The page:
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Endothelin-1 as a neuropeptide: neurotransmitter or neurovascular effects?

Dashwood MR, Loesch A - J Cell Commun Signal (2009)

Bottom Line: A neuropeptide role for ET-1 is supported by studies showing a variety of effects caused following its administration into different regions of the brain and by application to peripheral nerves.While the effect of ET-1 on nerve tissue is beyond doubt, its action on nerve blood flow is often ignored.Studies range from those showing the distribution of ET-1 and its receptors in nerve tissue to those describing numerous neurally-mediated effects of ET-1.

View Article: PubMed Central - PubMed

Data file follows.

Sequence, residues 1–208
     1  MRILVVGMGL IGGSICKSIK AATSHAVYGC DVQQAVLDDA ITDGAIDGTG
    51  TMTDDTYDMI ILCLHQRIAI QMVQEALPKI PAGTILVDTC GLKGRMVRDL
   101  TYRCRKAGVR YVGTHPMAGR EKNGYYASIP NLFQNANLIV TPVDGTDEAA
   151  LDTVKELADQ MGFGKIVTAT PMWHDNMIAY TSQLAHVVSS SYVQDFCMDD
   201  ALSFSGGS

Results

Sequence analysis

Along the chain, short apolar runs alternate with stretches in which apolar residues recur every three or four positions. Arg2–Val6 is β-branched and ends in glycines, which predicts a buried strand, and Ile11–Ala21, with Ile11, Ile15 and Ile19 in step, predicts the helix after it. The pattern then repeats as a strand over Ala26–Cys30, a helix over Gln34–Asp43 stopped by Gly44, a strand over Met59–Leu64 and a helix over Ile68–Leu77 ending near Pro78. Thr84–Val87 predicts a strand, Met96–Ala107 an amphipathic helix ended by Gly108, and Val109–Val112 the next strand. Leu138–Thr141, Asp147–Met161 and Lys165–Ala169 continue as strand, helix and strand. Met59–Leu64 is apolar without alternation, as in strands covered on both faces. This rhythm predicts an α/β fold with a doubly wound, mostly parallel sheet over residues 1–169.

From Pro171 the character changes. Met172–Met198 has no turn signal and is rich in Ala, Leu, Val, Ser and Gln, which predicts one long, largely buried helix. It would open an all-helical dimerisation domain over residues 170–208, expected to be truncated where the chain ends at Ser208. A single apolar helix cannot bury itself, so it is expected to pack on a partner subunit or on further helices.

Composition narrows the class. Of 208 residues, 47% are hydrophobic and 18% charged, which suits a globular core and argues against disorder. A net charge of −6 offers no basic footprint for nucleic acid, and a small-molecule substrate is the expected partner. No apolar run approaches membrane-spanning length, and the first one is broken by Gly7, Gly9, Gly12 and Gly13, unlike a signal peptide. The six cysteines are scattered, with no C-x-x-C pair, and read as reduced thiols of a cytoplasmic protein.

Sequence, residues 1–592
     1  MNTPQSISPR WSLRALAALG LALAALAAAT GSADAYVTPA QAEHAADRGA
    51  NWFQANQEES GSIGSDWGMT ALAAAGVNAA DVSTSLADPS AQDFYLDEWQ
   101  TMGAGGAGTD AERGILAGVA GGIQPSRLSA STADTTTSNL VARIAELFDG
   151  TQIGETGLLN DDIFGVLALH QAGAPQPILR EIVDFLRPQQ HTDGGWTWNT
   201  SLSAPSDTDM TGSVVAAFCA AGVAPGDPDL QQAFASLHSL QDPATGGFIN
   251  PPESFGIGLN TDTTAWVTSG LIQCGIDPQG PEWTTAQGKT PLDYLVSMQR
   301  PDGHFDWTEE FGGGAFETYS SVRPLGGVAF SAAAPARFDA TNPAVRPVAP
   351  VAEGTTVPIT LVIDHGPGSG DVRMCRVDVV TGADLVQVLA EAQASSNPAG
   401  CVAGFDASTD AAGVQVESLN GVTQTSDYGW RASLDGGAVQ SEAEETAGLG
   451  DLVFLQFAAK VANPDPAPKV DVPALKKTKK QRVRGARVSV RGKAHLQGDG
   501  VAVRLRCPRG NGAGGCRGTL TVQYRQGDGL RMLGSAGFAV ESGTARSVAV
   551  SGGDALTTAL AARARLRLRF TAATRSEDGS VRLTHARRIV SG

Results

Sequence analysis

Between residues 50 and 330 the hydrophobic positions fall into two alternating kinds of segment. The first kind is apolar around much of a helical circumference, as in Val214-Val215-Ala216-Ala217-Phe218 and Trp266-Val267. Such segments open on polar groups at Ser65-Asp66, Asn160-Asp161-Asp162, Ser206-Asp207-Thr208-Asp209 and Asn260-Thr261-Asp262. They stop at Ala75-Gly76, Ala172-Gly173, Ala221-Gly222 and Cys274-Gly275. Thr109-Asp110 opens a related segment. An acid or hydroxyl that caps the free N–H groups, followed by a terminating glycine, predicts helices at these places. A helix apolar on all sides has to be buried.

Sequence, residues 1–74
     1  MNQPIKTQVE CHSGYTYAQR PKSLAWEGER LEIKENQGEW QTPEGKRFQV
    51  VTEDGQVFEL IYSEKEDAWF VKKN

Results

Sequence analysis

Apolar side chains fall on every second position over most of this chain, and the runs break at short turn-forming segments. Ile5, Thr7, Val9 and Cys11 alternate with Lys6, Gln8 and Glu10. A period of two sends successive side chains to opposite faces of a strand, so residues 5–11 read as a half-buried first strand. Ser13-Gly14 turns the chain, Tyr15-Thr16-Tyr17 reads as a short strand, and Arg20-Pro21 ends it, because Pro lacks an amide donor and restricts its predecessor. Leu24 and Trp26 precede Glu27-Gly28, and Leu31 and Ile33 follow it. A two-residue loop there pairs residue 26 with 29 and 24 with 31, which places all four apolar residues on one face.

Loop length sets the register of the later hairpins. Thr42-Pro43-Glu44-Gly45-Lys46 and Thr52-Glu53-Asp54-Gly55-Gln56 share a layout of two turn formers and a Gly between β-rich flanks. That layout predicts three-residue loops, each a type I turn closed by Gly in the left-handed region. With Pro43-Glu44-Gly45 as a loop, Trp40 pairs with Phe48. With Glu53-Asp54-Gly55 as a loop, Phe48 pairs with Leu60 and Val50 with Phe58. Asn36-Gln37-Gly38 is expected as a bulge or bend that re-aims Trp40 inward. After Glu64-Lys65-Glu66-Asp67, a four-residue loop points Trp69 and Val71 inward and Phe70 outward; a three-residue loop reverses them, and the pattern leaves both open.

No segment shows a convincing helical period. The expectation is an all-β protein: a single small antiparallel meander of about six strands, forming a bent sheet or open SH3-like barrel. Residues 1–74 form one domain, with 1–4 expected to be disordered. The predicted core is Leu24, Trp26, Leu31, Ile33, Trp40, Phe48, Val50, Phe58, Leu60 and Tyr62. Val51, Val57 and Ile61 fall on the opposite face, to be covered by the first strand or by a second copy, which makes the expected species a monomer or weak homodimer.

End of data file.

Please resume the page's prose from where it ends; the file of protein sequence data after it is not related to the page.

ABSTRACT
Endothelin-1 (ET-1) is an endothelium-derived peptide that also possesses potent mitogenic activity. There is also a suggestion the ET-1 is a neuropeptide, based mainly on its histological identification in both the central and peripheral nervous system in a number of species, including man. A neuropeptide role for ET-1 is supported by studies showing a variety of effects caused following its administration into different regions of the brain and by application to peripheral nerves. In addition there are studies proposing that ET-1 is implicated in a number of neural circuits where its transmitter affects range from a role in pain and temperature control to its action on the hypothalamo-neurosecretory system. While the effect of ET-1 on nerve tissue is beyond doubt, its action on nerve blood flow is often ignored. Here, we review data generated in a number of species and using a variety of experimental models. Studies range from those showing the distribution of ET-1 and its receptors in nerve tissue to those describing numerous neurally-mediated effects of ET-1.